European Journal of Pharmaceutical Sciences
 , 
2006
, vol. 
27
 (pg. 
392
-
400
)
Bailly
A
Sovero
V
Vincenzetti
V
Santelia
D
Bartnik
D
Koenig
BW
Mancuso
S
Martinoia
E
Geisler
M
Modulation of P-glycoproteins by auxin transport inhibitors is mediated by interaction with immunophilins
Journal of Biological Chemistry
 , 
2008
, vol. 
283
 (pg. 
21817
-
21826
)
Bainbridge
K
Guyomarc'h
S
Bayer
E
Swarup
R
Bennett
M
Mandel
T
Kuhlemeier
C
Auxin influx carriers stabilize phyllotactic patterning
Genes and Development
 , 
2008
, vol. 
22
 (pg. 
810
-
823
)
Bandyopadhyay
A
Blakeslee
JJ
Lee
OR
, et al.  . 
Interactions of PIN and PGP auxin transport mechanisms
Biochemical Society Transactions
 , 
2007
, vol. 
35
 (pg. 
137
-
141
)
Benkova
E
Michniewicz
M
Sauer
M
Teichmann
T
Seifertova
D
Jurgens
G
Friml
J
Local, efflux-dependent auxin gradients as a common module for plant organ formation
Cell
 , 
2003
, vol. 
115
 (pg. 
591
-
602
)
Bennett
MJ
Marchant
A
Green
HG
May
ST
Ward
SP
Millner
PA
Walker
AR
Schulz
B
Feldmann
KA
Arabidopsis AUX1 gene: a permease-like regulator of root gravitropism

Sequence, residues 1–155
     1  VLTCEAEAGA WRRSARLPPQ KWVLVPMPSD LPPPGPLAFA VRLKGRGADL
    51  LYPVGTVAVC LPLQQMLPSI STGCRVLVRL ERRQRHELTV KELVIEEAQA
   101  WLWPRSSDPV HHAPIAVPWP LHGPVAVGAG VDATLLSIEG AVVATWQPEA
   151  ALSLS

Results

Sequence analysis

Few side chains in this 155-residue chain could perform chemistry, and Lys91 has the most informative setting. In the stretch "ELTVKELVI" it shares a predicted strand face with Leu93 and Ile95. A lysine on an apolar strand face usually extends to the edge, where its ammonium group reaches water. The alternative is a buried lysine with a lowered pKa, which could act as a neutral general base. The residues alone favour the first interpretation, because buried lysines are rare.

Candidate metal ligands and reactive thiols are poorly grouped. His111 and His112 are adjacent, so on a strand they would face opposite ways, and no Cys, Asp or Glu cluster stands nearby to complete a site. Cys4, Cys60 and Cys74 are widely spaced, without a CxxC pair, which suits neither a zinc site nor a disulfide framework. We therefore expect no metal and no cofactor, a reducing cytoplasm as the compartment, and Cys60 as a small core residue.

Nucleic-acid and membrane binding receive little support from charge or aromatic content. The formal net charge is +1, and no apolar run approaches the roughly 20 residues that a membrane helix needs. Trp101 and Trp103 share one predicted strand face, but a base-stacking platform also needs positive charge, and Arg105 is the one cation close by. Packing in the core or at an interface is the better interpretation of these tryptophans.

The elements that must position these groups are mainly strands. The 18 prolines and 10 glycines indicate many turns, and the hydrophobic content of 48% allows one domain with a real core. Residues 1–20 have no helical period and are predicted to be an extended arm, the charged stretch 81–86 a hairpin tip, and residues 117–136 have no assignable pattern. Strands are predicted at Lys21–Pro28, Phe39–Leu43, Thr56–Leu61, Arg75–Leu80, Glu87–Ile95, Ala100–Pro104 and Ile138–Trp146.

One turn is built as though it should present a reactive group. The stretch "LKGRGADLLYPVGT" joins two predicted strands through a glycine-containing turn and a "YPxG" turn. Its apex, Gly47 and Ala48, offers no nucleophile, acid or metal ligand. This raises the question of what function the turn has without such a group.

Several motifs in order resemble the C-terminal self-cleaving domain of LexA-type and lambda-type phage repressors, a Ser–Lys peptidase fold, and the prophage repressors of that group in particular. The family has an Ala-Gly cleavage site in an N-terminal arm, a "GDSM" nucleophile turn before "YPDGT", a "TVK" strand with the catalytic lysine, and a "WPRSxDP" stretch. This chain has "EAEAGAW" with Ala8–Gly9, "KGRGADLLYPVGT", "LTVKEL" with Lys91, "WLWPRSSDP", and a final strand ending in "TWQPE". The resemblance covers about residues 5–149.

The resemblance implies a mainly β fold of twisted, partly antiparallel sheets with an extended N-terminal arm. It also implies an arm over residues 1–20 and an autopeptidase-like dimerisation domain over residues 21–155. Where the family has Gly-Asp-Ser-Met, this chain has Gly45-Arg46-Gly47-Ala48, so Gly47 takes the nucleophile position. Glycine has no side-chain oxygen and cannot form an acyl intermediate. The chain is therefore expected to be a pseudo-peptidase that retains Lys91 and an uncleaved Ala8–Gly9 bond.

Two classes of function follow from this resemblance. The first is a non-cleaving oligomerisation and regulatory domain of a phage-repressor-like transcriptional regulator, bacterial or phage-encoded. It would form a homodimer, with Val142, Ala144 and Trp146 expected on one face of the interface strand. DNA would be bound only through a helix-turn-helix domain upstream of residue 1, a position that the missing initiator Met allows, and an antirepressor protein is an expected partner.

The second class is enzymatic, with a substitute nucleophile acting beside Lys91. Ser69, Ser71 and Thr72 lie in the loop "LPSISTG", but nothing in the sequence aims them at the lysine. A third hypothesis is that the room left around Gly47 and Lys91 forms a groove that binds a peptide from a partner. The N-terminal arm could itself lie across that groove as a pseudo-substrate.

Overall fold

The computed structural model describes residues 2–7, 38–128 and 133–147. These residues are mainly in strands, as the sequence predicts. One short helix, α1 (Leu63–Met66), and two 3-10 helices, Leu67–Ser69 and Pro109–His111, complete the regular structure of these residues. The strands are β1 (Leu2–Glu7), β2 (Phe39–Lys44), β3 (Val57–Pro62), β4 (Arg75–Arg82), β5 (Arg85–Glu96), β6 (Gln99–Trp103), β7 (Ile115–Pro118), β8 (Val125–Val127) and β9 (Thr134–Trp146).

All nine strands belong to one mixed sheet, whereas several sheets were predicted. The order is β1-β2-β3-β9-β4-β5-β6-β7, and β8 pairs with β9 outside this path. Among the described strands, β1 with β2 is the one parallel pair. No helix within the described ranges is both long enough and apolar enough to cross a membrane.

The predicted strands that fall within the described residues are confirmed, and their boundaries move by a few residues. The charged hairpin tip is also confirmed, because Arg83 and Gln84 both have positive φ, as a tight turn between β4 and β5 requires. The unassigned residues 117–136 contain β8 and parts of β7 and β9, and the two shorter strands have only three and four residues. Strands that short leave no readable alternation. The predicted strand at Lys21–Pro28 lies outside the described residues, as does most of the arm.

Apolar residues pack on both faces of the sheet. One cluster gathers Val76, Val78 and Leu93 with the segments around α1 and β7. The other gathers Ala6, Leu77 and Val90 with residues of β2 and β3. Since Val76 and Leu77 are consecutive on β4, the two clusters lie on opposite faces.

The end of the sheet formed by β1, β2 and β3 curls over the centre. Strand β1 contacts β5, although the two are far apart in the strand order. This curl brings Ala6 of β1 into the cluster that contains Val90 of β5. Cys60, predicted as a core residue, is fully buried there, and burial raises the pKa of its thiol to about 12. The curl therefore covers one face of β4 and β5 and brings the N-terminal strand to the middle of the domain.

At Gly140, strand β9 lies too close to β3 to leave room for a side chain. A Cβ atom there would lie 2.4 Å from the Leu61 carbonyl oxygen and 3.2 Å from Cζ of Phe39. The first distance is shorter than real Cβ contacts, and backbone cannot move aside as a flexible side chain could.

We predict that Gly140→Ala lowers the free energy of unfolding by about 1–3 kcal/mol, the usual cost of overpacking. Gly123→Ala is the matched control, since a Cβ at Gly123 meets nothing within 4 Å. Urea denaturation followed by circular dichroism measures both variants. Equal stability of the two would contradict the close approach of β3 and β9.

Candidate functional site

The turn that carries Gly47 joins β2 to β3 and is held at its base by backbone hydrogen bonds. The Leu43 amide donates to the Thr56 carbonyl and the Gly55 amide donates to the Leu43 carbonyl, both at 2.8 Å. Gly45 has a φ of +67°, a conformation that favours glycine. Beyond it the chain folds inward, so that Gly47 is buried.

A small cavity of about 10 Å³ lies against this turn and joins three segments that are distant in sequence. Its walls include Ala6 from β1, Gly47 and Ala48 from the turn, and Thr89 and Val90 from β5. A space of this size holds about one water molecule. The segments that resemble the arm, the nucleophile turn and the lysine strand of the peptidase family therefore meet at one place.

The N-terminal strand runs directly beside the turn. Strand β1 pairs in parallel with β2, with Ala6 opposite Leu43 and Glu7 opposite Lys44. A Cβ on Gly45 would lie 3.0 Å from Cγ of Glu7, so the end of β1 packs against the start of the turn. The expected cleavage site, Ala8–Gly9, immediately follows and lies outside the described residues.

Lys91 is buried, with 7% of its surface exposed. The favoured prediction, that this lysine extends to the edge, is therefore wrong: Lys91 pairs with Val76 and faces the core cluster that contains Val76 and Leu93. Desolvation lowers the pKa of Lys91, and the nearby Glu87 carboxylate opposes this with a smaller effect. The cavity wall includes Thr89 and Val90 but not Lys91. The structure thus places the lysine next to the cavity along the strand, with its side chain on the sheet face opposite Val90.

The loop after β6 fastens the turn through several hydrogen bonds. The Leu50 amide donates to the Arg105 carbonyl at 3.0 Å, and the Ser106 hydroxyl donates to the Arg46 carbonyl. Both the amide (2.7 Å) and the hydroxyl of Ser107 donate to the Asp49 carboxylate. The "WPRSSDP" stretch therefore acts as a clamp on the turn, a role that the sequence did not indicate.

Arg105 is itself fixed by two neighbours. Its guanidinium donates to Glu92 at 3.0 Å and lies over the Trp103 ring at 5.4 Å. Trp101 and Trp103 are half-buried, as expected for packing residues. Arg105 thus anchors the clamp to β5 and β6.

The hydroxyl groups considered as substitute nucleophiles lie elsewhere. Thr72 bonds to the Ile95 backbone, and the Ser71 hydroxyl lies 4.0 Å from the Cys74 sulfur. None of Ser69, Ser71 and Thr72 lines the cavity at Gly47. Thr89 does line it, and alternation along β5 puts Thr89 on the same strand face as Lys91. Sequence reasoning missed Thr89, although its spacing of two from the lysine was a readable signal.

Science
 , 
1996
, vol. 
273
 (pg. 
948
-
950
)
Bhalerao
RP
Eklof
J
Ljung
K
Marchant
A
Bennett
M
Sandberg
G
Shoot-derived auxin is essential for early lateral root emergence in Arabidopsis seedlings
The Plant Journal
 , 
2002
, vol. 
29
 (pg. 
325
-
332
)
Blakeslee
JJ
Bandyopadhyay
A
Lee
OR
, et al.  . 
Interactions among PIN-FORMED and P-glycoprotein auxin transporters in Arabidopsis
The Plant Cell
 , 
2007
, vol. 
19
 (pg. 
131
-
147
)
Blakeslee
JJ
Bandyopadhyay
A
Peer
WA
Makam
SN
Murphy
AS
Relocalization of the PIN1 auxin efflux facilitator plays a role in phototropic responses
Plant Physiology
 , 
2004
, vol. 
134
 (pg. 
28
-
31
)
Blakeslee
JJ
Peer
WA
Murphy
AS
Auxin transport
Current Opinion in Plant Biology
 , 
2005
, vol. 
8
 (pg. 
494
-
500
)
Blakeslee
JJ
Peer
WA
Murphy
AS
MDR/PGP Auxin transport proteins and endocytic cycling
Plant Cell Monographs: Plant Endocytosis
 , 
2005
(pg. 
159
-
176
)
Blilou
I
Xu
J
Wildwater
M
Willemsen
V
Paponov
I
Friml
J
Heidstra
R
Aida
M
Palme
K
Scheres
B
The PIN auxin efflux facilitator network controls growth and patterning in Arabidopsis roots
Nature
 , 
2005
, vol. 
433